This BWV 63 cantata has a symetrical form and contrasting moods, for instance Bach’s transition from E minor to A major when moving to Jesus’ birth. Among the several numbers, the singers declare, “O blessed day! O wondrous day on which the Saviour of the world, the Shiloh promised by God in paradise to the human race.” “Call and implore heaven, come, ye Christians, come to the dance, you should rejoice at God’s deeds today!”
The other cantata is “Gloria in excelsis Deo” (BWV 191), the words and song of the angels which, in Bach’s hands becomes (as Gardiner puts it) “a celebration of dance as well as song.”
Are we dancing with joy at the Good News of Christ? On Christmas Day the three of us will open presents, have lunch, and see part 2 of “The Hobbit,” plus I’ll go to our church’s half-hour morning worship. It’s a happy day, for sure. I don’t want to become chiding about our Christian experience—-as if we all “should” be dancing with joy at the Savior, and if we’re not we’re substandard Christians. But sometimes we do feel so positive about the Good News that, even if we don’t dance, we can’t sit still. If we think deeply about the Gospel promises, we can feel an even greater excitement than “hump day”!
Cling to Christ: Bach Cantatas for the Early Christmas Season
Continuing my listening to Bach’s sacred cantatas, performed by the Monteverdi Choir and The English Baroque Soloist, conducted by John Eliot Gardiner … Over the next several days I’ll be listening three CDs for the Christmas season. They were recorded in 2000 at St. Bartholomew’s Church, a favorite stop whenever we visit Manhattan. Although I’m beginning my year-long “journey” with the First Sunday of Advent, these three CDs are actually the last ones in the original pilgrimage.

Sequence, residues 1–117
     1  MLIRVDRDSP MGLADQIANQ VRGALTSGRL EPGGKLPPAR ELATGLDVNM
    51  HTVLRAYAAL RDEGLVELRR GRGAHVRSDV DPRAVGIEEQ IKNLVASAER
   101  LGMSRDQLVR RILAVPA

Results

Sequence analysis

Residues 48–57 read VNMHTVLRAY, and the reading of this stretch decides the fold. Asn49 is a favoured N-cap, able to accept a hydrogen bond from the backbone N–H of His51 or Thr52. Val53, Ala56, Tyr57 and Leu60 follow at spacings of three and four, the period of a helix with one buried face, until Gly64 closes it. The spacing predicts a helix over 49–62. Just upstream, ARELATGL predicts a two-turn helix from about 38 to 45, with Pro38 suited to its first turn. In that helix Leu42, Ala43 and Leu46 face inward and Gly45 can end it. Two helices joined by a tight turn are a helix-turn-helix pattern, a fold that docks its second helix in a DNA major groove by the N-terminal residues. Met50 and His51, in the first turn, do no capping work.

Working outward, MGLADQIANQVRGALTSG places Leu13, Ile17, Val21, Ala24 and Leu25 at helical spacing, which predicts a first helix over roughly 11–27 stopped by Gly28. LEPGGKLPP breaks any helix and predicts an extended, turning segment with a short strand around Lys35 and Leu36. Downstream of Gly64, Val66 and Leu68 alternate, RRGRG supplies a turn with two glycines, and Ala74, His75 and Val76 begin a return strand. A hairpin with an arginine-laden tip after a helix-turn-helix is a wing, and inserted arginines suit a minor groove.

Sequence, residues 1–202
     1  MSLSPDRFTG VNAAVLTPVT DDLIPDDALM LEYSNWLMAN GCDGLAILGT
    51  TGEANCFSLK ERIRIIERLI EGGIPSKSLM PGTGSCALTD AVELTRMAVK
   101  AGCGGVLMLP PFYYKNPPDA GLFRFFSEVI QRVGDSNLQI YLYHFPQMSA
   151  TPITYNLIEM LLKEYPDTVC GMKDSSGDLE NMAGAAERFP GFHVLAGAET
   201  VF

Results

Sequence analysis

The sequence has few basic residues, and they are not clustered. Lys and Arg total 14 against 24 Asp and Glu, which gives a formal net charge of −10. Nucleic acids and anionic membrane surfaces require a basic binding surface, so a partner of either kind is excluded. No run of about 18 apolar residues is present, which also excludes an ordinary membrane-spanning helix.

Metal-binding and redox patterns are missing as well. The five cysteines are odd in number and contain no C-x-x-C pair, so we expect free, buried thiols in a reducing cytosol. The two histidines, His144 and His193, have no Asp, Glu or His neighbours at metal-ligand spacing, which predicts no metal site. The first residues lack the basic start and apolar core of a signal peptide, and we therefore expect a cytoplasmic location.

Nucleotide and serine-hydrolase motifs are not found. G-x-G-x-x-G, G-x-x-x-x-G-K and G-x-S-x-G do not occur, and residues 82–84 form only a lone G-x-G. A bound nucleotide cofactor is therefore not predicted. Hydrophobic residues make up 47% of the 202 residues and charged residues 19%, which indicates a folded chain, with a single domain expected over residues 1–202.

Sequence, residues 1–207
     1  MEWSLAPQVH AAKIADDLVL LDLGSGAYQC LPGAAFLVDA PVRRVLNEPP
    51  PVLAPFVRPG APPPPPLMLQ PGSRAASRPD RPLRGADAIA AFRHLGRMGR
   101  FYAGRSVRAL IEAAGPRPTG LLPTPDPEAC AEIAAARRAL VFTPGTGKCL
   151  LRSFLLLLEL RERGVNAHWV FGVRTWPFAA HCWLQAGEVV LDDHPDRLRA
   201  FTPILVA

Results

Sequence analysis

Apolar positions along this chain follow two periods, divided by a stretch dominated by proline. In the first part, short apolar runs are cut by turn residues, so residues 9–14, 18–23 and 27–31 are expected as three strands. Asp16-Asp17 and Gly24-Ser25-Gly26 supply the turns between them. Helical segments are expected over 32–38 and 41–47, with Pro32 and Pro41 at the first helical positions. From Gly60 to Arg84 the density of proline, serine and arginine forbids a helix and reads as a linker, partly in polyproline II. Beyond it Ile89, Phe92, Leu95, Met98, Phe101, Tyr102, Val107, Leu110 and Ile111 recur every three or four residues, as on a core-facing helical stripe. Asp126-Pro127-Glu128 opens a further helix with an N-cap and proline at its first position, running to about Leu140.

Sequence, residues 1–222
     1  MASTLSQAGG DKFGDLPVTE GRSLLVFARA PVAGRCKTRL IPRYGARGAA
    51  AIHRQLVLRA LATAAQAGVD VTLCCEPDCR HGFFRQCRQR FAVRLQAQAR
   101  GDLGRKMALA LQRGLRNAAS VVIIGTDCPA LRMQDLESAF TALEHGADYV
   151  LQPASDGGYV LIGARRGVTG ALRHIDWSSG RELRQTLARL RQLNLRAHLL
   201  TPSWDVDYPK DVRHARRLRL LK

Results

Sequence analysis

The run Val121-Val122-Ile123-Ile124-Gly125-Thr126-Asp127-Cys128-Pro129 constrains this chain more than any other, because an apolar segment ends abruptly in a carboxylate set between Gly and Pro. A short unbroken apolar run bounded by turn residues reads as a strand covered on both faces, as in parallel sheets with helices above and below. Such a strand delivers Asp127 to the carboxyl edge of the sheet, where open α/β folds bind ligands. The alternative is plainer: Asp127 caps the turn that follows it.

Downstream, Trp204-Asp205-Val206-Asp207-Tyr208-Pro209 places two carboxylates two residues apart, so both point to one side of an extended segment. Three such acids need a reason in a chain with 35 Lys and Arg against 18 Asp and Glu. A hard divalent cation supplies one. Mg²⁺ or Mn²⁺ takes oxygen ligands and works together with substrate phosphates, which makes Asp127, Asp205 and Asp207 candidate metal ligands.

CD 54 contain the cantatas “Gelobet seist du, Jesus Christ” (BWV 91, “All Praise to you, Jesus Christ”) and “Unser Mund sei voll Lachens” (110, “Let our mouth be full of laughter”) for Christmas Day, and then “Christum wir sollen loben schon” (121, “To Christ we should sing praises”) and “Dazu ist erschienen der Sohn Gottes” (40, “For this purpose the Son of God”) for Boxing Day, the second day of Christmas. On the CD’s cover is photograph of a child in Amdo, Tibet. According to the notes, “Gelobet, seist du” is full of expectation and danceable-rhythms, with its emphasis on praise of God’s work in Christ—the small way in which the creator of the universe appeared for our benefit.
“Christum wir sollen” is based on a 5th century Latin hymn is similar in its content: “God, who was so boundless, took on servile form and poverty.” “Dazu its erschienen” has several contrasts of darkness and light—and the admonition that we should not be anxious and fearful for the “ancient serpent,” for Christ has conquered Satan. “Unser Mund sei voll Lachens” is, for Gardiner, the “most festive and prilliant” of these four with an “irresistible swagger” “Let your mouth be full of laughter and our tongue of singing. For the Lord has done great things for us.”
CD 55 contain the cantatas for the third day of Christmas, also recorded at St. Barth’s: “Sehet, welch eine Liebe hat uns der Vater erzeiget” (BWV 64, “Behold, what manner of love”), “Süsser Trost, mein Jesus kömmt” (151, “Sweet comfort, my Jesus comes”), “Selig ist der Mann” (57, “Blessed is the man”), and a cantata for the second day of Christmas, “Ich freue mich in dir” (133, “I rejoice in thee”). The cover is photo of a baby in Zigaze Tibet.